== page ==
A look at the events and public statements surrounding an Associated Press story about a foiled plot to blow up a U.S.-bound airliner:
—May 2, 2012: Federal government officials ask the AP to delay publishing a story about a foiled plot by al-Qaida's affiliate in Yemen to destroy a U.S.-bound airliner, which the AP had recently discovered. They cite national security concerns. The AP agrees to temporarily delay publishing until national security concerns are allayed.
—May 7, 2012: Federal government officials inform the AP that the national security concerns have been allayed, but they still ask AP to withhold publishing the story until an official announcement planned for the following day. The AP declines and publishes the story. Later that day, John Brennan, then the president's chief counterterrorism adviser, conducts a teleconference with analysts to discuss the plot. He assures them the bomb was never a threat to the American public.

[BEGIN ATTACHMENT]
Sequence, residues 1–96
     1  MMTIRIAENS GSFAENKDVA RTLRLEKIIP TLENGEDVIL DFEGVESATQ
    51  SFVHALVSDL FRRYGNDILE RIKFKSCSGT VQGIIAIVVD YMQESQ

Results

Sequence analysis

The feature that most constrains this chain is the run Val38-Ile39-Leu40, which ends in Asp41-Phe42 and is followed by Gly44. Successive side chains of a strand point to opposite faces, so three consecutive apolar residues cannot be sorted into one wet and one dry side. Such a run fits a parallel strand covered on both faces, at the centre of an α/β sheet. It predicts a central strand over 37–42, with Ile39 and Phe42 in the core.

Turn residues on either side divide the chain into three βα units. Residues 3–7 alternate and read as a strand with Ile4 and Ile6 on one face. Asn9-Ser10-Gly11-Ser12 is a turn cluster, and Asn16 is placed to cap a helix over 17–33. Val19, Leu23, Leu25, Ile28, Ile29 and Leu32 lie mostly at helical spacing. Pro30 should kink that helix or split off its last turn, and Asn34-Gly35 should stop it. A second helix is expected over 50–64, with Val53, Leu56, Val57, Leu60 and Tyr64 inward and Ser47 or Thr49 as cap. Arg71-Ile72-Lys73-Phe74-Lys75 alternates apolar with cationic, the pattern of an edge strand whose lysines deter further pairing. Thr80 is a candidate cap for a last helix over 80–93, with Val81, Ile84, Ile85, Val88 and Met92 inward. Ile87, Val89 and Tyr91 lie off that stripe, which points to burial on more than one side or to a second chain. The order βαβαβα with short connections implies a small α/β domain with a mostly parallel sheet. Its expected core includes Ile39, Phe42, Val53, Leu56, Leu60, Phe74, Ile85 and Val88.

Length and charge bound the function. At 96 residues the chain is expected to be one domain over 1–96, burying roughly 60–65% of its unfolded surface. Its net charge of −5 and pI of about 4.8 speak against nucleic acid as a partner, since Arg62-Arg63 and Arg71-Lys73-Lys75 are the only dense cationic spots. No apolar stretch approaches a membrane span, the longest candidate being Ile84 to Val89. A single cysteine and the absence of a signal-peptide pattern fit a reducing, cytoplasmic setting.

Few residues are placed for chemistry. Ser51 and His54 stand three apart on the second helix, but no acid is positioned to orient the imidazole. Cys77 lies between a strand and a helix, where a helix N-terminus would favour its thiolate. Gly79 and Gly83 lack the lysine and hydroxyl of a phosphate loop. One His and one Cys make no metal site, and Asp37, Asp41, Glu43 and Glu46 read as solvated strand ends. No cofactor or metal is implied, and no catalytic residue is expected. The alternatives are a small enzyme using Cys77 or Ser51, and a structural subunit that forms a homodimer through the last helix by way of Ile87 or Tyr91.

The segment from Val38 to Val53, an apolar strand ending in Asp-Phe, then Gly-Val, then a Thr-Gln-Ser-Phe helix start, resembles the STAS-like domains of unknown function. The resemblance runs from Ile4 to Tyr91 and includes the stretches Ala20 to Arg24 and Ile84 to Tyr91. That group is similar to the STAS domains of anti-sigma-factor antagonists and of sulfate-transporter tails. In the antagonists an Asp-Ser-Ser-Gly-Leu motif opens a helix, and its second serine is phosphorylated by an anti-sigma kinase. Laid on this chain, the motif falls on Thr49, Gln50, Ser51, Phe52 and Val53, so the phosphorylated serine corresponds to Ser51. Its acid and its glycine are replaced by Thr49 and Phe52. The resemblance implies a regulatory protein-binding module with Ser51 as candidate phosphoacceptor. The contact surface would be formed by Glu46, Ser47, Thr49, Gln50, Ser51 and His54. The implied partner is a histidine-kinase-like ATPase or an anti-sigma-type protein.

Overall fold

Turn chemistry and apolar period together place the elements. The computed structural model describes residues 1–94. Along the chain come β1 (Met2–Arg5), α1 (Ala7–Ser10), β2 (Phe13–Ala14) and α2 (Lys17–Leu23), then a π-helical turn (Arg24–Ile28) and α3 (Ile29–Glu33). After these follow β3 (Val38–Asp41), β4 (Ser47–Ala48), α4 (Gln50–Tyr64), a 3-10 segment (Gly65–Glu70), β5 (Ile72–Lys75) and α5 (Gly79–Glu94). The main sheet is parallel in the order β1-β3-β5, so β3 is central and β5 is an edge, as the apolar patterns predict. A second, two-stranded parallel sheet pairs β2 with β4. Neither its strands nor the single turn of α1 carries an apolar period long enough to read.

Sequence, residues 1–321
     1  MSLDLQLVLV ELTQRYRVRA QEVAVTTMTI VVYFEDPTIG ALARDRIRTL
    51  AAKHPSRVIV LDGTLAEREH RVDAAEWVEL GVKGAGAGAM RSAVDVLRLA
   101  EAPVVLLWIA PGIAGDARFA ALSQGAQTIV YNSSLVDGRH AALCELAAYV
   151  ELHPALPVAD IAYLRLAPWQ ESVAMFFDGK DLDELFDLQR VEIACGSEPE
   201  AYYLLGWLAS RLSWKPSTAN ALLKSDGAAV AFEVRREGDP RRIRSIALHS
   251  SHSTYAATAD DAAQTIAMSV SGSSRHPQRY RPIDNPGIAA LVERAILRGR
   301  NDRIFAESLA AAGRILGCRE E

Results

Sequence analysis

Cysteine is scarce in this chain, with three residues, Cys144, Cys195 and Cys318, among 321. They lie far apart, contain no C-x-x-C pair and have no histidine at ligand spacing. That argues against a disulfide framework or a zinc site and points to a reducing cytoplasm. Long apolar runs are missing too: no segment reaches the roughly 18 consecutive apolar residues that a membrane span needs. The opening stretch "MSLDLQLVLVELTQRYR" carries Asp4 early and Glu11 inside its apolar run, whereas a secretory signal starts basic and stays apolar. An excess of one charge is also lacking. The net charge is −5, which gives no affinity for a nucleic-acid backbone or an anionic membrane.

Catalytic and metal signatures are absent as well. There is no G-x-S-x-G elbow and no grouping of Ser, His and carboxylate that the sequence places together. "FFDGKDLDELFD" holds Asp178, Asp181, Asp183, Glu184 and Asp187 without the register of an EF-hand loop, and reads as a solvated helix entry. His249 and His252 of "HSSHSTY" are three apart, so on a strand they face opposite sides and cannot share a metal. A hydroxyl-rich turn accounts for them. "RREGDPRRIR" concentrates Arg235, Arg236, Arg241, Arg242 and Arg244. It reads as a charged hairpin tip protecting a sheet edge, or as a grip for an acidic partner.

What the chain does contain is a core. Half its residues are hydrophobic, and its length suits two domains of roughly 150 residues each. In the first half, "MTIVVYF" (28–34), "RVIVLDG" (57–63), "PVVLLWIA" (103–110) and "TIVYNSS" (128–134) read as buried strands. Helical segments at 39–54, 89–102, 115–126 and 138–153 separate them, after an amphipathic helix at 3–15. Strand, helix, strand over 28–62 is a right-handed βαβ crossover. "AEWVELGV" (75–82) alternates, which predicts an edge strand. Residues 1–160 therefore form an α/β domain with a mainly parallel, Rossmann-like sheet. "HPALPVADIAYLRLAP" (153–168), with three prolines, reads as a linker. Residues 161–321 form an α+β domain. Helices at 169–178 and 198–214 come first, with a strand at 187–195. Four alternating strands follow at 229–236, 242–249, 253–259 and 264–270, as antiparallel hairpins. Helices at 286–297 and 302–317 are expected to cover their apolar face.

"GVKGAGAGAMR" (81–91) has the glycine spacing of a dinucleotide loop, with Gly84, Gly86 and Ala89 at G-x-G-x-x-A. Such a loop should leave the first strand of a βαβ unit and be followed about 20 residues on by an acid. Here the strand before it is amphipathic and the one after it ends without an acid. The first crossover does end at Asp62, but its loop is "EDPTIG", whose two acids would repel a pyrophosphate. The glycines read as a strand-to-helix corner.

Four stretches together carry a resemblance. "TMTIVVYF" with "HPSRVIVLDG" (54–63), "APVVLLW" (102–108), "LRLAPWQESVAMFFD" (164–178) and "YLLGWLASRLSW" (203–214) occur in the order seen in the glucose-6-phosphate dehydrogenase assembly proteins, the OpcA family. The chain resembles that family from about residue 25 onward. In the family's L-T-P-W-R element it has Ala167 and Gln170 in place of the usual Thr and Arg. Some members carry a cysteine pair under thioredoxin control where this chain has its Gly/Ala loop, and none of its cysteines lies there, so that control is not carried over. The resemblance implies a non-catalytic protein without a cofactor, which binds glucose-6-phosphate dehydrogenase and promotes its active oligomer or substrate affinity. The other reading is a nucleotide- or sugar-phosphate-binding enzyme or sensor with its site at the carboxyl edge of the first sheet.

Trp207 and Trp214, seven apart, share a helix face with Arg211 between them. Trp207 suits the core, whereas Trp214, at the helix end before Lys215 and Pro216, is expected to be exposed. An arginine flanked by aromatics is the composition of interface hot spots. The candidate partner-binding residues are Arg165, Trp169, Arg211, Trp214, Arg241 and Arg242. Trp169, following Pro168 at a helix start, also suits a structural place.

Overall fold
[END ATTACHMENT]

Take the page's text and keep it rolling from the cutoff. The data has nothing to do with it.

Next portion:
—Feb. 7, 2013: Brennan, during his nomination hearing to become CIA director, tells senators, "I said there was never a threat to the American public, as we had said so publicly, because we had inside control of the plot and the device was never a threat to the American public."
—May 14, 2013: Attorney General Eric Holder describes the disclosure of information about the foiled plot as "a very, very serious leak." Holder says: "It put the American people at risk. And that is not hyperbole. It put the American people at risk. And trying to determine who was responsible for that, I think, required very aggressive action." Holder does not specify how the disclosure of information about the foiled plot had endangered Americans.